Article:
$$\begin{array}{}\phantom{\rule{2em}{0ex}}\phantom{\rule{2em}{0ex}}\phantom{\rule{2em}{0ex}}\phantom{\rule{2em}{0ex}}\phantom{\rule{2em}{0ex}}\phantom{\rule{2em}{0ex}}\phantom{\rule{2em}{0ex}}\phantom{\rule{2em}{0ex}}\phantom{\rule{2em}{0ex}}\phantom{\rule{1em}{0ex}}\phantom{\rule{thinmathspace}{0ex}}{\displaystyle {d}_{G}({x}_{2},{y}_{1})\le \frac{1+{a}_{k}}{2},}\\ \phantom{\rule{thinmathspace}{0ex}}L([xy])={d}_{G}(x,y)\le {d}_{G}(x,{x}_{2})+{d}_{G}({x}_{2},{y}_{1})+{d}_{G}({y}_{1},y)\le {\displaystyle \frac{1}{2}+\frac{1+{a}_{k}}{2}+\frac{1}{2}=\frac{3+{a}_{k}}{2},}\\ \phantom{\rule{2em}{0ex}}\phantom{\rule{2em}{0ex}}\phantom{\rule{2em}{0ex}}\phantom{\rule{2em}{0ex}}\phantom{\rule{1em}{0ex}}\phantom{\rule{1em}{0ex}}{d}_{G}(p,[xz]\cup [yz])\le {d}_{G}(p,\{x,y\})\le {\displaystyle \frac{1}{2}L([xy])\le \frac{3+{a}_{k}}{4}\le \frac{1}{2}+\lfloor \frac{{a}_{k}}{2}\rfloor .}\end{array}$$

(*b*) Assume that *y*_{0}∉[*xx*_{0}]\ {*x*_{0}}. Since *x*_{2} ≤ *x*_{0}, *y*_{0} ≤ *y*_{1} and [*xz*] ∪ [*yz*] is a continuous curve joining *x* and *y*, if *p* ∈ *V*(*G*)∩[*x*_{0}*y*_{0}]⊂[*xy*], then there exist *u*, *v* ∈ *V*(*G*)∩([*xz*]∪[*yz*]) with [*u*, *v*] ∈ *E*(*G*) and *u* ≤ *p* ≤ *v*. Since *T* is a cycle, we have
$$\begin{array}{}{d}_{G}(p,[xz]\cup [yz])\le {d}_{G}(p,\{u,v\})\le {\displaystyle min\{p-u,v-p\}\le \lfloor \frac{{a}_{k}}{2}\rfloor .}\end{array}$$
Therefore, if *p* ∈[*x*_{0}*y*_{0}]∪ *B*(*x*_{0}, 3/4)∪ *B*(*y*_{0}, 3/4), then
$$\begin{array}{}{\displaystyle {d}_{G}(p,[xz]\cup [yz])<\frac{3}{4}+\lfloor \frac{{a}_{k}}{2}\rfloor .}\end{array}$$

This inequality, (2), (3) and (4) give
$$\begin{array}{}{\displaystyle \delta ({C}_{\mathrm{\infty}}(1,{a}_{2},\dots ,{a}_{k}))\le \frac{3}{4}+\lfloor \frac{{a}_{k}}{2}\rfloor .}\end{array}$$(5)

By Theorem 3.1, in order to finish the proof it suffices to show that the equality in (5) is not attained. Seeking for a contradiction, assume that the equality is attained. The proof of (5) gives that we have
$$\begin{array}{}{\displaystyle {d}_{G}(p,[xz]\cup [yz])=\frac{3}{4}+\lfloor \frac{{a}_{k}}{2}\rfloor ,}\end{array}$$
where *p* is the point in [*xx*_{0}] with *d*_{G}(*p*, *x*_{0}) = 3/4 or the point in [*y*_{0}*y*] with *d*_{G}(*p*, *y*_{0}) = 3/4. By symmetry, without loss of generality we can assume that *p* is the point in [*xx*_{0}] with *d*_{G}(*p*, *x*_{0}) = 3/4; thus *d*_{G}(*p*, *w*_{i0−1}) = 1/4. Therefore, we are in Case (*B*.2) with *x*_{1} < *w*_{i0−1} < *x*_{2} < *w*_{i0} and
$$\begin{array}{}{\displaystyle L([x{x}_{0}])=\frac{3}{2}+min\{{d}_{G}({x}_{2},{w}_{{i}_{0}-1}),{d}_{G}({w}_{{i}_{0}-1},{x}_{1})\}=\frac{3}{2}+min\{{x}_{2}-{w}_{{i}_{0}-1},{w}_{{i}_{0}-1}-{x}_{1}\}=\frac{3}{2}+\lfloor \frac{{a}_{k}}{2}\rfloor .}\end{array}$$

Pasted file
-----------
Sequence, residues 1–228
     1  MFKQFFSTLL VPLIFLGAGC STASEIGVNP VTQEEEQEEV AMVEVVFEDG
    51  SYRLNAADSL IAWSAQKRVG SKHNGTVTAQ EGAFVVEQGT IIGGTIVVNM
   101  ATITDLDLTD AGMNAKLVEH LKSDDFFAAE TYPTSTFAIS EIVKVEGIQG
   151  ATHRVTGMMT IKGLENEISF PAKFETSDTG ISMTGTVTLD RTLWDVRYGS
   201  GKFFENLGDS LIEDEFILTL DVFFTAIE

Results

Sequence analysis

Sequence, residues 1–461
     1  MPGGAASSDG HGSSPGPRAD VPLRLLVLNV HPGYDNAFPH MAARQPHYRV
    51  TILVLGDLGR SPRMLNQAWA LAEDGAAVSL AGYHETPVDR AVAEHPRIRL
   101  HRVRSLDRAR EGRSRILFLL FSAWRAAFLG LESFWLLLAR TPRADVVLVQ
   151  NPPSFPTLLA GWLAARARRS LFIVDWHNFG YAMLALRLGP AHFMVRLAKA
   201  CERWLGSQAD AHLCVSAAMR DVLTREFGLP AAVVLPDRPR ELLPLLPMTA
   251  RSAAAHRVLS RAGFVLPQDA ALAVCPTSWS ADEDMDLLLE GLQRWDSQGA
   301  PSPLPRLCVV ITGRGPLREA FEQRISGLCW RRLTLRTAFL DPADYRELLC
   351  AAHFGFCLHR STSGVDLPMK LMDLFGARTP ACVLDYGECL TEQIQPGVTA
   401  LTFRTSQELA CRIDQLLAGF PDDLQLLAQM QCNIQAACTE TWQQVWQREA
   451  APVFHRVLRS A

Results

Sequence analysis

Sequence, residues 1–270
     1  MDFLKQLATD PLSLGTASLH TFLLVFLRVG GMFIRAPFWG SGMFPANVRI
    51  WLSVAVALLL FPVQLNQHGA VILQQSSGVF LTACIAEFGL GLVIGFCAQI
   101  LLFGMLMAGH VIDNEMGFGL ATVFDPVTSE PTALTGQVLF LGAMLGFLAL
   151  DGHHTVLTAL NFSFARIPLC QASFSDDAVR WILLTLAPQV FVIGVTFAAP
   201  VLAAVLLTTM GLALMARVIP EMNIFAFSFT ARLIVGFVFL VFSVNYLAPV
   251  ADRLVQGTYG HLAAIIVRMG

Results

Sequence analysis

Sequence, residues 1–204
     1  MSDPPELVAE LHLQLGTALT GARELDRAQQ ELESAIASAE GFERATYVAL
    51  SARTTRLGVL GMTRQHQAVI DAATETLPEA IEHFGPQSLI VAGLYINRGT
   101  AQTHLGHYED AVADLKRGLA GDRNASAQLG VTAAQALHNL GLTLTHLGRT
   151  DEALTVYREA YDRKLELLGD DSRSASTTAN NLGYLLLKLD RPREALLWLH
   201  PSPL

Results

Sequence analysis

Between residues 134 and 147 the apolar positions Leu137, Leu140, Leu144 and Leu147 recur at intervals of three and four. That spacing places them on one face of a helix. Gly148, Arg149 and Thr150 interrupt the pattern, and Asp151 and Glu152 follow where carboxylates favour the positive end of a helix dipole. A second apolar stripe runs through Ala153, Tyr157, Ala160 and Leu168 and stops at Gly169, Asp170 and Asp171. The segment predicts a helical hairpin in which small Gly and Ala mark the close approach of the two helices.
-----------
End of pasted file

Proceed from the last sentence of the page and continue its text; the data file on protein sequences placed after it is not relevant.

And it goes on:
Then
$$\begin{array}{}{\displaystyle min\{{d}_{G}({x}_{2},{w}_{{i}_{0}-1}),{d}_{G}({w}_{{i}_{0}-1},{x}_{1})\}=min\{{x}_{2}-{w}_{{i}_{0}-1},{w}_{{i}_{0}-1}-{x}_{1}\}=\lfloor \frac{{a}_{k}}{2}\rfloor ,}\end{array}$$
and we conclude
$$\begin{array}{}{\displaystyle \lfloor \frac{{a}_{k}}{2}\rfloor \le {x}_{2}-{w}_{{i}_{0}-1},{w}_{{i}_{0}-1}-{x}_{1}\le \lfloor \frac{{a}_{k}}{2}\rfloor +1.}\end{array}$$(6)

(*I*) Assume that *x*_{2}∈[*xx*_{0}]. Since *T* is a cycle, then *x*_{1}∈[*xz*]∪[*yz*] and *x*_{1} < *w*_{i0−1}. Hence, since [*xz*]∪[*yz*] is a continuous curve joining *x* and *y*, and *d*_{G}(*p*, *w*_{i0−1}) = 1/4, we obtain as above
$$\begin{array}{}{\displaystyle \frac{3}{4}+\lfloor \frac{{a}_{k}}{2}\rfloor ={d}_{G}(p,[xz]\cup [yz])\le {d}_{G}(p,{w}_{{i}_{0}-1})+{d}_{G}({w}_{{i}_{0}-1},[xz]\cup [yz])\le \frac{1}{4}+\lfloor \frac{{a}_{k}}{2}\rfloor ,}\end{array}$$
which is a contradiction.

(*II*) Assume that *x*_{1}∈[*xx*_{0}].

(*II*. 1) If *x*_{2} − *x*_{1} = *x*_{0} − *w*_{i0−1} = *a*_{k}, then *w*_{i0−1} − *x*_{1} = *x*_{0} − *x*_{2}, *d*_{G}(*x*_{1}, *w*_{i0−1}) = *d*_{G}(*x*_{2}, *x*_{0}) and
$$\begin{array}{}{d}_{G}(x,{x}_{0})={d}_{G}(x,{x}_{1})+{d}_{G}({x}_{1},{w}_{{i}_{0}-1})+{d}_{G}({w}_{{i}_{0}-1},{x}_{0})>{d}_{G}(x,{x}_{1})+{d}_{G}({x}_{1},{w}_{{i}_{0}-1})\\ \phantom{\rule{2em}{0ex}}\phantom{\rule{2em}{0ex}}\phantom{\rule{thinmathspace}{0ex}}={\displaystyle \frac{1}{2}+{d}_{G}({x}_{2},{x}_{0})={d}_{G}(x,{x}_{2})+{d}_{G}({x}_{2},{x}_{0})\ge {d}_{G}(x,{x}_{0}),}\end{array}$$
which is a contradiction.

(*II*.2) If *x*_{2} − *x*_{1} < *a*_{k}, then (6) gives
$$\begin{array}{}{x}_{2}-{w}_{{i}_{0}-1}={w}_{{i}_{0}-1}-{x}_{1}={\displaystyle \lfloor \frac{{a}_{k}}{2}\rfloor ,}\end{array}$$
and
$$\begin{array}{}{\displaystyle \frac{3}{4}+\lfloor \frac{{a}_{k}}{2}\rfloor ={d}_{G}(p,[xz]\cup [yz])\le {d}_{G}(p,{x}_{2})\le {d}_{G}(p,{w}_{{i}_{0}-1})+{d}_{G}({w}_{{i}_{0}-1},{x}_{2})\le \frac{1}{4}+\lfloor \frac{{a}_{k}}{2}\rfloor ,}\end{array}$$
which is a contradiction.

(*II*.3) Assume *x*_{2} − *x*_{1} = *a*_{k} and *x*_{0} − *w*_{i0−1} < *a*_{k}. Since *x*_{1}∈[*xx*_{0}], we have *w*_{i0−1} − *x*_{1} = ⌊ *a*_{k}/ 2 ⌋.

(*II*.3.1) If *x*_{2} − *w*_{i0−1} = ⌊*a*_{k}/2⌋, then
$$\begin{array}{}{\displaystyle \frac{3}{4}+\lfloor \frac{{a}_{k}}{2}\rfloor ={d}_{G}(p,[xz]\cup [yz])\le {d}_{G}(p,{x}_{2})\le {d}_{G}(p,{w}_{{i}_{0}-1})+{d}_{G}({w}_{{i}_{0}-1},{x}_{2})\le \frac{1}{4}+\lfloor \frac{{a}_{k}}{2}\rfloor ,}\end{array}$$
which is a contradiction.